YOUNG: Turns out the tracks are of a dog and a bobcat. A Massachusetts man who says he saw a mountain lion from his back porch shares some video he shot.
[PEOPLE VIEWING VIDEO, COMMENTING]
MALE 1: The coloring isn’t right for a mountain lion. Looks like a Siamese cat.
MALE 2: Yeah looks like a siamese cat to me, too.
MALE 1: Yeah, tail’s not long enough for cougar…
YOUNG: The animal in the video is a cat--a house cat. Tischendorf is diplomatic with his debunking. He shares this fascination with mountain lions and says he understands why people want to see cougars so much that they think they see them.
TISCHENDORF: If I had to put my finger on it in a general sense I think the mountain lion probably embodies everything that many of us would long to be: lithe, muscular, intelligent, capable, confident, a survivor, adaptable. And I think it’s also a reminder that nature is very wild, so I guess a lot of us like to think that perhaps man doesn’t have all the answers, and that nature still has a few aces up her sleeve, and this puma in the east story may be one of those. But I think the true skeptics, the scornful skeptics, will eventually have to eat a little bit of crow because it’s hard to deny the hard evidence that we’re seeing right now, particularly in the Midwest and the Great Plains.
YOUNG: On the Foundation’s maps showing recent cougar sightings, the Midwest and Great Plains states are the hotspots. Scat, tracks, and photos have been confirmed across the area and a cougar biologists had tagged was killed by a train on the Oklahoma/Kansas border—more than 600 miles from its home range. It’s enough to catch the attention of the Cougar Foundation’s lone skeptic, biologist Dave Maehr. Maehr’s a professor of large mammal conservation at the University of Kentucky. He doesn’t put much stock in most eastern cougar sightings, but recent reports tell him the Western cats could be on the move.
MAEHR: Now I think something is happening, I think there’s a phenomenon underway where western populations or most nearby western populations are expanding for one reason or another. There’s some very compelling evidence that something’s happening that’s very different than what’s been occurring over the last century. And I think it is just a matter of time before they are back here.
YOUNG: Maehr says any official effort to reintroduce mountain lions to the east would certainly fail. Habitat is highly fragmented, and people would likely resist putting a new predator in their backyards. But the cats seem to be offering to reintroduce themselves. That’s one of three explanations for cougars in the east: that the cats are gradually migrating back to historic ranges, much as the coyote did years ago. The second explanation is that the few isolated cats in the east are just escaped captives. The third is that they never went away. That’s the theory coal miner Todd Lester believes.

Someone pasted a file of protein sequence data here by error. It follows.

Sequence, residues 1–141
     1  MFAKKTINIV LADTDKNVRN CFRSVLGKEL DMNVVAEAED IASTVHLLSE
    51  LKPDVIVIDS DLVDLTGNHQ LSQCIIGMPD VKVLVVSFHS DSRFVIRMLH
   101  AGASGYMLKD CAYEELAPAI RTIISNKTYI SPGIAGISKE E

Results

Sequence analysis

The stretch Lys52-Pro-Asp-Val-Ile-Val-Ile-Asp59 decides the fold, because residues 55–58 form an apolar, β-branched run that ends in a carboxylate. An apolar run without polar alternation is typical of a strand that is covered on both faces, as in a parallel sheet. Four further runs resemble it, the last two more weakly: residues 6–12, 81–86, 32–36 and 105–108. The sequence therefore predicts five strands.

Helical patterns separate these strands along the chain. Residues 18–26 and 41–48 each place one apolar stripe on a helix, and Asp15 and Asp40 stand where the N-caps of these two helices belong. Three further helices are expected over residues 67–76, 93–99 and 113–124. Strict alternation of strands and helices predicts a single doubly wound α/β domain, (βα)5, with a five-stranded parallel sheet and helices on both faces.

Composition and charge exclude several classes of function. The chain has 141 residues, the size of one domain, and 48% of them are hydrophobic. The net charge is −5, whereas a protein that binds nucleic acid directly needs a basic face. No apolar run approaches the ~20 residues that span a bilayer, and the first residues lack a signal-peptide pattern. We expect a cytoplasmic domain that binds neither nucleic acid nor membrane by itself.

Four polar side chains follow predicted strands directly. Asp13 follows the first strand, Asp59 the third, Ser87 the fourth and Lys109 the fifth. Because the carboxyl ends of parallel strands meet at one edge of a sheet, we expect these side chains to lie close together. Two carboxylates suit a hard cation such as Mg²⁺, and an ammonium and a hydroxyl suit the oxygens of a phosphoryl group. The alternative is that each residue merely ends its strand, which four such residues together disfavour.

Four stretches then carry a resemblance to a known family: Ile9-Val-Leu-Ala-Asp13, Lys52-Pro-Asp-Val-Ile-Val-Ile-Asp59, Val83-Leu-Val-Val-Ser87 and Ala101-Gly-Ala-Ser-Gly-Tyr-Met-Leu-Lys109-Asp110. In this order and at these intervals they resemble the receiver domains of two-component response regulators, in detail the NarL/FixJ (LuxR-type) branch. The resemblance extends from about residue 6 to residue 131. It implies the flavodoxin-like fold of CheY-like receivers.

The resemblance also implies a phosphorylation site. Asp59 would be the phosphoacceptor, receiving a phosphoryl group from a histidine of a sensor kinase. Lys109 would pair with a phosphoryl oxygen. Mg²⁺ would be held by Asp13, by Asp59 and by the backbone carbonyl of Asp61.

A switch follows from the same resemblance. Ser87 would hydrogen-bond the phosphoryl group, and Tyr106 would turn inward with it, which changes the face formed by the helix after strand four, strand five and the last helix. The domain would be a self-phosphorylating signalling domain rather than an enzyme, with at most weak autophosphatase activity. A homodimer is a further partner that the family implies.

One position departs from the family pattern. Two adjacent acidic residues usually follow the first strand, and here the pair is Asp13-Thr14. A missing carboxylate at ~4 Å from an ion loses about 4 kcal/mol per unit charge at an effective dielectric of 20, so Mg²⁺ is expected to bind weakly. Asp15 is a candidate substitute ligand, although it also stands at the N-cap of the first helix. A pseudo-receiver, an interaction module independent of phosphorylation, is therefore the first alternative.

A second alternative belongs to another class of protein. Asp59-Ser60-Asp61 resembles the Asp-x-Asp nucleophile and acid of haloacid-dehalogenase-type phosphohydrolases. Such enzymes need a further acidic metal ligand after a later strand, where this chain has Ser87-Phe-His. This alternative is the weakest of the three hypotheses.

[SOUND OF BOOTS ON WET TRAIL]
YOUNG: It’s what keeps him going back to the woods on weekends. He scans topographic maps dense with rugged hills, looks out from this ridge onto miles of misty green and thinks.
LESTER (walking and talking): Aw, you can go over here on edge, you know, look off, man that’s a lot of territory.
YOUNG: Mountain lions could have survived here.
LESTER: Lot of people we talk to they’ve got the impression that the whole east coast is one big large city y’know, a continuous city, and they say no, there’s no way cougars could survive there. And I’ve asked ‘em well have you ever been to the Appalachian mountains? They’s a lot of habitat for cougars.
[MOUNTAIN BIKE PASSES BY IN THE MUD]
BIKER: What’s going on?
YOUNG: Just then a trio of mountain bikers stops, curious about Lester’s camera equipment. And at the mention of the word cougar, mountain biker Joey Boyle gives Lester another sighting account to add to his collection.
BOYLE: I knew it was a cat, a big cat, because it had that big long thick tail. I rode with it for 100 yards or something and then we got to a dead end and there was a huge pile of dirt and that thing was just gone, it just bounded out of nowhere. It was pretty amazing.
YOUNG: Lester listens intently and thanks Boyle, but he’s remarkably unexcited. Boyle’s account is years old and Lester has taken in more than three thousand such reports. What he needs now is to go beyond sightings to hard evidence--the kind he’s sure his camera traps will produce.
LESTER: I woulda thought, you know, we woulda got pictures sooner, you know, if there was a population here but, you know, I still haven’t given up hope yet. I think we’ll eventually get a picture, I really do. Yeah, I just can’t foresee myself giving it up now, y’know?
YOUNG: Obsessions are like that. For Living on Earth I’m Jeff Young in the Monongahela National Forest.